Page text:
Skip to navigation Skip to content

Research, Page 8

Feb. 10, 2017

Chemical persuasion

Chemical persuasion

Scientists prove parasite mimics key plant peptide to feed off roots By Roger Meissen | Bond LSC A nematode (the oblong object on the left) activates the vascular stem cell pathway in the developing nematode feeding site (syncytium) on a plant root. | photo by Xiaoli Guo, MU post-doctoral research associate When it comes to…

Jan. 11, 2017

Cornelison receives highest honor from White House

Cornelison receives highest honor from White House

It feels good to get recognition, especially when it comes from the White House. This week D Cornelison, a Bond Life Sciences Center researcher and associate professor of biological sciences found out she will receive a Presidential Early Career Award for Scientists and Engineers (PECASE). The award is the highest honor bestowed by the United…

Nov. 17, 2016

Live long and prosper: healthy mitochondria, healthy motor neurons?

Live long and prosper: healthy mitochondria, healthy motor neurons?

Chris Lorson (front) and Mark Hannink (back) collaborate to study the role of mitochondria in motor neuron health, particularly in relation to spinal muscular atrophy, a neuromuscular disorder | photo by Jen Lu, Bond LSC Chris Lorson, a professor of veterinary pathobiology, and Mark Hannink, a professor of biochemistry, want to find a new way…

Nov. 4, 2016

The eyes have it

The eyes have it

Bond LSC scientist works with MU eye surgeon to help people suffering from autoimmune-disease Sjögren’s syndrome By Phillip Sitter | Bond LSC Dr. Carisa Petris stands in the McQuinn atrium of Bond Life Science Center. She and Bond LSC researcher Gary Weisman are using funding from a $100,000 Bond LSC grant to study the mechanisms…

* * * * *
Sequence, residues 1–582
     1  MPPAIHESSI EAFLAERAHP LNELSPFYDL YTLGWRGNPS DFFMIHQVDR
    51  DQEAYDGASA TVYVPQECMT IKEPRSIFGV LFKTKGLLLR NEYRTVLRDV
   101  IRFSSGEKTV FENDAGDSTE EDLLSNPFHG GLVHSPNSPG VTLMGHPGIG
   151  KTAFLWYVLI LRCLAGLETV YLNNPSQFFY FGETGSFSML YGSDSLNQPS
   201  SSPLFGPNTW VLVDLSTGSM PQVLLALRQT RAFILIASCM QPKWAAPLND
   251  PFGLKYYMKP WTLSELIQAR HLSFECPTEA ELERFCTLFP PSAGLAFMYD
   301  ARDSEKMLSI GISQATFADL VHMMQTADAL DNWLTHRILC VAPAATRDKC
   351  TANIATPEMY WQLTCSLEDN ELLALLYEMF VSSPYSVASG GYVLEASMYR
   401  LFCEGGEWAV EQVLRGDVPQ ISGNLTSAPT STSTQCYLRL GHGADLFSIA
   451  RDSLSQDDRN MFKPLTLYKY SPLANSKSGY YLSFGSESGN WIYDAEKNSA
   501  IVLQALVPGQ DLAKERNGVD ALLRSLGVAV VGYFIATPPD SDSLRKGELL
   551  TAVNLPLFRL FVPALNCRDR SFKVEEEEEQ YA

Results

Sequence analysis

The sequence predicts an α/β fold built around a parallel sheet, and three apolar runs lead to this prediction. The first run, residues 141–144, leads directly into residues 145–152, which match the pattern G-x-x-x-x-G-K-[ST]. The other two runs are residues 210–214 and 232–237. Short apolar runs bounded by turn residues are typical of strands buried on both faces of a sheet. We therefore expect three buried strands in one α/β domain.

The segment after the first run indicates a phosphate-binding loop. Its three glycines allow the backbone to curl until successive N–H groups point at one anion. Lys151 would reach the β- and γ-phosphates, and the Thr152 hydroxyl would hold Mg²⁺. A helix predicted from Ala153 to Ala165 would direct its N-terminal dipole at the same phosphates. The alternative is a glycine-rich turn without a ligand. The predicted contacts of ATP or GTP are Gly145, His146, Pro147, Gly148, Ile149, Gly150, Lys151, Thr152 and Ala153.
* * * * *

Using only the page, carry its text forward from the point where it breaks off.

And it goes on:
Oct. 25, 2016

Close encounters of the plant protein kind

Close encounters of the plant protein kind

Bond LSC researchers David Mendoza (left) and Scott Peck (right) are collaborating to develop a new method for studying protein signaling pathways inside plant cells. | photo by Jennifer Lu, Bond LSC By Jennifer Lu | Bond LSC Sometimes, timing is everything. That was the case in what led to a new collaboration between the…

Oct. 11, 2016

The seeds of progress

The seeds of progress

Efforts to understand the genome of one plant through its many genetic varieties could lead to nutritional improvements in the staple crops billions of people depend on By Phillip Sitter | Bond LSC Ruthie Angelovici stands next to some Arabidopsis thaliana samples in the basement of Bond LSC. She is leading projects to study the…

Oct. 10, 2016

Expert Comment: How science made the “three-person” baby possible

Expert Comment: How science made the “three-person” baby possible

Stock image via iStock By Jennifer Lu | Bond LSC A new in-vitro fertilization technique that uses genetic material from three persons made the news last week following the announcement of the successful birth of a now five-month-old baby boy. The process allowed the mother, who had a rare mitochondrial disease known as Leigh Syndrome,…

Sept. 28, 2016

An enzymatic future

An enzymatic future

Inter-departmental MU team aims to improve enzyme use and recovery for spectrum of industrial, medical and military applications By Phillip Sitter | Bond LSC A mostly-finished cylindrical bio-reactor site sits in a 3D printer after the printing has stopped. With a 3D printer in-house, Chung-Ho Lin said that the inter-departmental team he is part of can…

Sept. 2, 2016

Building blocks of life in the lab could revolutionize life for us all

Building blocks of life in the lab could revolutionize life for us all

NASA, NIH-funded work seeks to understand bio-chemical mechanisms of life on Earth, and among the stars By Phillip Sitter | Bond LSC Donald Burke-Agüero stands in his office in Bond LSC, holding a model of an RNA protein structure. Burke-Agüero studies the bio-chemical functions of RNA, and how those functions might be able to be…

Aug. 4, 2016

Standing out through saliva

Standing out through saliva

Bond LSC scientist internationally recognized for work on salivary glands and autoimmune disorders By Phillip Sitter | Bond LSC You might not think too highly of spit, but you would quickly regret not having any. People with Sjögren’s syndrome suffer chronic dry mouth and eyes from an overzealous immune system that attacks salivary and tear ducts, causing…